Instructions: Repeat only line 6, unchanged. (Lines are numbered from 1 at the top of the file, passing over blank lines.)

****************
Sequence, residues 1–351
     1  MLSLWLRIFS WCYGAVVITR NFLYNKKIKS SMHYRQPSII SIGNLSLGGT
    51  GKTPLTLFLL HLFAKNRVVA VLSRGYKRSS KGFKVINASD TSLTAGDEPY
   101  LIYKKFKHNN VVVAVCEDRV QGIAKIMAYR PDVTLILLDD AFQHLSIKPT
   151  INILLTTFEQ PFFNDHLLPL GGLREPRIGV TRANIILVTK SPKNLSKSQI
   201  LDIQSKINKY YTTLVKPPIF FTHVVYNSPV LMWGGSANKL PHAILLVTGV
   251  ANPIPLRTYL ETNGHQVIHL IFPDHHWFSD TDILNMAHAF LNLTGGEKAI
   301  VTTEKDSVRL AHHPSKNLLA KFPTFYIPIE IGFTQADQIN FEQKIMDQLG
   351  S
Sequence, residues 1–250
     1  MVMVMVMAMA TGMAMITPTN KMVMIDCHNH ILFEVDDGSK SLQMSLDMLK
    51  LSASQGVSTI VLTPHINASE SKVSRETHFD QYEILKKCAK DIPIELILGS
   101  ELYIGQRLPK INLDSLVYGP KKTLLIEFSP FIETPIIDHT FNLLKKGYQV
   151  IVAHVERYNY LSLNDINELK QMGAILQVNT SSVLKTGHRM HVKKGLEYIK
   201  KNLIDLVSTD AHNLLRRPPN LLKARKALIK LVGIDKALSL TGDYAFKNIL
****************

   201  LDIQSKINKY YTTLVKPPIF FTHVVYNSPV LMWGGSANKL PHAILLVTGV